When visiting the McNay Art Museum in San Antonio with my cousins June and Nancy, a huge sculpture immediately captured my attention.
It dominated the back wall of the entry hall, a 3D rainbow of recycled paper, cardboard, and plastic.
The sculptor, Lisa Hoke, titled the piece “The Future Ain’t What It Used to Be” in a nod to baseball player Yogi Berra, who was famous for employing the English language in surprising and humorous ways. I don’t know exactly what Lisa intended when she chose that title for this piece, but it seems appropriate.
This work of art features colorful patterns created by discarded packaging of consumer goods, mostly paper and plastic.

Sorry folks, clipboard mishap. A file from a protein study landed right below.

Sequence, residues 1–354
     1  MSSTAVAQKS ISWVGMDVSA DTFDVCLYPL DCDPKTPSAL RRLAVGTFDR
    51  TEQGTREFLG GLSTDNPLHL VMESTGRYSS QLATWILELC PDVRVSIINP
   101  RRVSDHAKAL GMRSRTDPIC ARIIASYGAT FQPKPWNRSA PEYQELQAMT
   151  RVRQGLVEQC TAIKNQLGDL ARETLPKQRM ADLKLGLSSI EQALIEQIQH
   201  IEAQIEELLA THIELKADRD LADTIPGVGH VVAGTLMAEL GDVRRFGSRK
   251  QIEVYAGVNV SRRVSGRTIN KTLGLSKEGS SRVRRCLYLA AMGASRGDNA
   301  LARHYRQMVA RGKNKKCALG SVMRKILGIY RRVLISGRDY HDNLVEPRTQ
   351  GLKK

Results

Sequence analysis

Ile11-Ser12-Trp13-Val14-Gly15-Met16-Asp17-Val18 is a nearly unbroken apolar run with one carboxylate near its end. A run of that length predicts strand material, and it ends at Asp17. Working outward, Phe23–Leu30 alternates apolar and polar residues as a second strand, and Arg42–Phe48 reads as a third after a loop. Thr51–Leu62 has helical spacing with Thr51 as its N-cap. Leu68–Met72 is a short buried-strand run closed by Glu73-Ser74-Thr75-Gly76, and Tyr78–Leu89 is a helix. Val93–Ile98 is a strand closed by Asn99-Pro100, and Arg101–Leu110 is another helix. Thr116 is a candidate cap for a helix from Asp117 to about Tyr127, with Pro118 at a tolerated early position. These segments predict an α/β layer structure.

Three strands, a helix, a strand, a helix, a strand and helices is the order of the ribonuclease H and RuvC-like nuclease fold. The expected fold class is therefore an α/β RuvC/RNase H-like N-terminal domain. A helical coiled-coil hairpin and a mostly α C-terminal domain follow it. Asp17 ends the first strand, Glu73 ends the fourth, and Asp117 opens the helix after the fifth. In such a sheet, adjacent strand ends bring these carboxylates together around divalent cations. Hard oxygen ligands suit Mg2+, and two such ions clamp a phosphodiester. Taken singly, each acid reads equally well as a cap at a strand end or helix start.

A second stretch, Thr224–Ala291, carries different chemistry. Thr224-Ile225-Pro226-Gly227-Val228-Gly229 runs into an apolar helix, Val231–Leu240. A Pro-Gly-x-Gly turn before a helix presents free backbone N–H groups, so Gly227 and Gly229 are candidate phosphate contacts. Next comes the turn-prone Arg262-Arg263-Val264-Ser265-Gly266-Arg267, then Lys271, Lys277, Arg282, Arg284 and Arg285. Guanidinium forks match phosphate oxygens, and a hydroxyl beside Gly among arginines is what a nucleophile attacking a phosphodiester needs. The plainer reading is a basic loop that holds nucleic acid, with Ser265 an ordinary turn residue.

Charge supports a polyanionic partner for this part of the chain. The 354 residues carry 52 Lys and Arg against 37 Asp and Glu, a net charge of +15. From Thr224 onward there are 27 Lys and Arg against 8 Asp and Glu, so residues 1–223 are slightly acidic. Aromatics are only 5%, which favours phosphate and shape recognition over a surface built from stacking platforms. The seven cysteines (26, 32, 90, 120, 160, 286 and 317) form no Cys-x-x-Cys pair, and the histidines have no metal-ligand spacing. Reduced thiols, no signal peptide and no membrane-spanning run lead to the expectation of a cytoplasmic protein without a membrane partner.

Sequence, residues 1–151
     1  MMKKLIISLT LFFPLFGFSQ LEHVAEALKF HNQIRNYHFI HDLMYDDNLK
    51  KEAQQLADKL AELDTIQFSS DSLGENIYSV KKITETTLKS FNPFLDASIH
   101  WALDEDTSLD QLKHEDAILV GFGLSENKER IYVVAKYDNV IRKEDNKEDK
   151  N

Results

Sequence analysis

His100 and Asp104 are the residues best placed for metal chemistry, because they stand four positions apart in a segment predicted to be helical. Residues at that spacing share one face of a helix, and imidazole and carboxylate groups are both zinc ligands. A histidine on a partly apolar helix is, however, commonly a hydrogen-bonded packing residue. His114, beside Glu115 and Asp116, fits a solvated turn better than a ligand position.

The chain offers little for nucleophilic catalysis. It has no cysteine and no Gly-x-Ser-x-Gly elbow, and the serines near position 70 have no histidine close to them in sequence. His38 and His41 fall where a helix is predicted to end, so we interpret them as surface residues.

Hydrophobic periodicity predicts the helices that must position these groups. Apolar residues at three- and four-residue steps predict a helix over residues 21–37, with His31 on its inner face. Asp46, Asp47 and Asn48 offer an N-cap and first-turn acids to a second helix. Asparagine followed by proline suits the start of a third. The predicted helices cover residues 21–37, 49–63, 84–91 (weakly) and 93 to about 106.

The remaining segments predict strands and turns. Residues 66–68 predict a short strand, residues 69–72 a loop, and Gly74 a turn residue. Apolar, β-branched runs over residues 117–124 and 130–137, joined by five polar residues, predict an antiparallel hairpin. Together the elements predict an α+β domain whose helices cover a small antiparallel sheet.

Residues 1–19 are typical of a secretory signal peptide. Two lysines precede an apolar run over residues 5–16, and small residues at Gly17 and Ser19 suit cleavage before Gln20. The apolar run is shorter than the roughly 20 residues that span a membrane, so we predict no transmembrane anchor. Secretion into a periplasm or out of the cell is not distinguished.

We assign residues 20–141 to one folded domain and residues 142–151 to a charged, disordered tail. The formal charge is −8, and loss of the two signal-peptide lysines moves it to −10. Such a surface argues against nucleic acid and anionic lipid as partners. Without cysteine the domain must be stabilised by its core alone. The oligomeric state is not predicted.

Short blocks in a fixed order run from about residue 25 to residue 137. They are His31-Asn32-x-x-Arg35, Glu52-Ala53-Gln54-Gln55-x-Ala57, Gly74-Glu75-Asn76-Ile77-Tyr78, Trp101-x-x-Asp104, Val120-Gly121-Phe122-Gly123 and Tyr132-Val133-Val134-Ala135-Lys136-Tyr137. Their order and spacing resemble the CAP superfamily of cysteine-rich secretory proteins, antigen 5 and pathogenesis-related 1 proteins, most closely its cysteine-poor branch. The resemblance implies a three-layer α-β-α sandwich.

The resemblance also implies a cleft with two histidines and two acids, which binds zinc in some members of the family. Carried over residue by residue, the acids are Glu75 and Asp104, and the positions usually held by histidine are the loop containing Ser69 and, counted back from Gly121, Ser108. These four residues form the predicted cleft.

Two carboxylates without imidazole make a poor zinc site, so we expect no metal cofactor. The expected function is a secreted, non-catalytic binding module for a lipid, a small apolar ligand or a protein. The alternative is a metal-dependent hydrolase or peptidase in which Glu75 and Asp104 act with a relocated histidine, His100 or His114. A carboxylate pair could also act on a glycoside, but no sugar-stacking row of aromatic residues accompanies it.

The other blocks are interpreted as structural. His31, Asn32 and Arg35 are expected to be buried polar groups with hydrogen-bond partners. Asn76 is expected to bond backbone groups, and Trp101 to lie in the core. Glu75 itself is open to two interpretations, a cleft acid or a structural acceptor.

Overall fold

But Lisa has mindfully and creatively transformed refuse into something beautiful– and useful, too—for art satisfies the senses and stimulates thoughts and feelings.
Here’s what this piece brought to my mind: We are trashing our planet. Landfills are overflowing and oceans have become dumping grounds. Imagine if we could do what Lisa has done, only in our real lives and on a larger scale–by making less garbage, of course, but finding ways to make the most of it.
Our deck is made of recycled plastic. Paper products like toweling, books, and stationary are made of recycled paper. Instead of adding countless plastic grocery bags to the landfill, cloth shopping bags can be used again and again.
There’s no doubt that Yogi was right—the future ain’t what it used to be. But wouldn’t it be a fine thing to recycle the old future into a better one for ourselves and our children?
All photos and words c 2013Naomi Baltuck
Click here for more interpretations of The Weekly Travel Theme: Sculpture.